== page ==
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Carmel Students Learn Competition Is 'More Than Robots,' Teacher Says

The Bad News Gears, Carmel High School's robotics team, works on the creations they will use in a regional competition next month. If all goes well, they may win a spot in an international tourney in April. Teacher Don Saldicco is second from right.
The Bad News Gears, Carmel High School's robotics team, works on the creations they will use in a regional competition next month. If all goes well, they may win a spot in an international tourney in April. Teacher Don Saldicco is second from right. Photo Credit: Contributed

CARMEL, N.Y. -- A team of Carmel students Tuesday mailed off machines that will toss Wiffle balls, light up, climb ropes and, they hope, gain them entry into what many call the Olympics of science and technology.

The Bad News Gears spent the last six weeks conceptualizing, designing, building, programming, and testing their robots for the Hudson Valley Regional (HVR)FIRST® Robotics Competition being held at Rockland Community College in Suffern next month.

They had six weeks to complete their challenge. The robots had to be, literally, in the bag at midnight on Feb. 21.

If all goes as planned at the regionals, they may move on to the FIRST® Robotics World Competition in St. Louis in April.

With rapper will.i.am. in attendance, teams turned out in goggles, top hats and other steampunk gear, and the dramatic arrival of FIRST® founder Dean Kamen in a helicopter, the St. Louis event will have all the flash the Super Bowl.

But in this case, “the players aren’t human, they’re robots,” said Don Saldicco, a technology teacher at Carmel High School.

As FIRST®’s slogan goes, the competition is about much “more than robots,” added the team’s mentor.

Six weeks sounds like a lot of time to prepare, but it’s not; it’s a “steep deadline,” Saldicco said.

Things can get stressful, not only for students but for teachers and mentors as well.

FIRST®’s mission may be to inspire young folks to be leaders in the fields of science and technology, but its underlying credo is one of “gracious professionalism.”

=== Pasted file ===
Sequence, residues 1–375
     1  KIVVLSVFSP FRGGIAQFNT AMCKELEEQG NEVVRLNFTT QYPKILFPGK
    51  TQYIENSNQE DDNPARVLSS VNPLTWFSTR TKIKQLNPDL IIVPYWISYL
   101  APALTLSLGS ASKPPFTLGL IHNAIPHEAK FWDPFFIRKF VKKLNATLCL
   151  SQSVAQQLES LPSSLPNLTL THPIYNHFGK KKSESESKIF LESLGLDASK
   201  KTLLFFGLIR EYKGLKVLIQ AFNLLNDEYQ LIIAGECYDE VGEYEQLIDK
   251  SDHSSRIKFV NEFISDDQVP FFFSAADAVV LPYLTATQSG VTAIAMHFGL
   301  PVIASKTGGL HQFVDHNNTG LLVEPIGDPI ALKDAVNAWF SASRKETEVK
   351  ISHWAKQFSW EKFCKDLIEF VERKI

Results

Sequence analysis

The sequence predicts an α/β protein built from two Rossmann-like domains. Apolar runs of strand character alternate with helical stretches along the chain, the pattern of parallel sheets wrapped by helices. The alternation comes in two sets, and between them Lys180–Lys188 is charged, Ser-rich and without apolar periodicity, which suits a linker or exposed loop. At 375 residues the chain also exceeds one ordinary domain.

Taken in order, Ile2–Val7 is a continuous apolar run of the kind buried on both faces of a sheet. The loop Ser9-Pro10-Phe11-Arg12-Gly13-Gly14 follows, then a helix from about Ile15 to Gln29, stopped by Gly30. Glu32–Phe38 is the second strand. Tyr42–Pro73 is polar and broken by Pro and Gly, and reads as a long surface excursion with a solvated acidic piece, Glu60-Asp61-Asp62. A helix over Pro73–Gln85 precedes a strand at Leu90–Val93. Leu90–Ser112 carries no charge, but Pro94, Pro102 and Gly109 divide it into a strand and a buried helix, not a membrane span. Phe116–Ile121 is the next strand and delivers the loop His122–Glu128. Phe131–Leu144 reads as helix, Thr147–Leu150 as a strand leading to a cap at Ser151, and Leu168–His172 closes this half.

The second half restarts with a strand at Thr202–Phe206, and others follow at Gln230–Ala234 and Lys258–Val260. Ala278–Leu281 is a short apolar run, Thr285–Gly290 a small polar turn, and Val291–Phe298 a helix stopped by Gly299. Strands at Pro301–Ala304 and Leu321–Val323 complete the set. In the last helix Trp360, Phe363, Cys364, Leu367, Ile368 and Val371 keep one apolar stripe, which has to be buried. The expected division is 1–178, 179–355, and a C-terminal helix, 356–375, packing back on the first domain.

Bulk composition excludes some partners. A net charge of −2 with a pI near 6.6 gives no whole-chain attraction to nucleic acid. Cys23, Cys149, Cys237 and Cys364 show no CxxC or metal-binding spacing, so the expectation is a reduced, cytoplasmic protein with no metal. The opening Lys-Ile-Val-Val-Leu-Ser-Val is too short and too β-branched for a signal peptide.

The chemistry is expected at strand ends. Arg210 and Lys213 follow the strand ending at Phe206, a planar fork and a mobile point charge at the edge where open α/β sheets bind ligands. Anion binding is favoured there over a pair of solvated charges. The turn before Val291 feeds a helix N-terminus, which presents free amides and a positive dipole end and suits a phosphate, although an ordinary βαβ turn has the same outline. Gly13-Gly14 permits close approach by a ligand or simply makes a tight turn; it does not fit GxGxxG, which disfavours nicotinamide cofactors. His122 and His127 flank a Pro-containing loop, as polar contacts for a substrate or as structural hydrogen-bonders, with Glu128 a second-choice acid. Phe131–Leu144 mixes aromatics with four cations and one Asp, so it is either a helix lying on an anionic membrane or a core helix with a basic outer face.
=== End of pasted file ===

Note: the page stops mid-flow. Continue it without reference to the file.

Working on deadline toward a goal teaches teammates tolerance and empathy.

“Everyone’s ideas are valid. There is no finger-pointing,” said Saldicco.

“Really, I think FIRST® is preparing the next generation to go to Mars,” he added.

The regionals in Rockland are set for March 24-26. There are 47 teams scheduled to compete and the event is free and open to the public.

The international competition in St. Louis draws teams from as far away as India and Brazil.  It is set for April 26-29.

Winners receive recognition and opportunities associated with their engineering skills and achievements, including coveted internships and job opportunities with organizations, such as NASA and SpaceX.

Saldicco said he has been bowled over by the way The Bad News Gears -- half of whose members are girls – has grown as a team.

“I have seen this before, but not to this degree,” he said. “The energy and sheer determination displayed by the students is palpable – They’re ready to win this!”

For more information, visit www.nycfirst.org/nycfirst-events/hudson-valley-regional .

Parents, prospective mentors, and students interested in getting involved or starting a team to compete in 2018, may contact frcteams@firstinspires.org and visit: http://www.firstinspires.org/robotics/frc/start-a-team .

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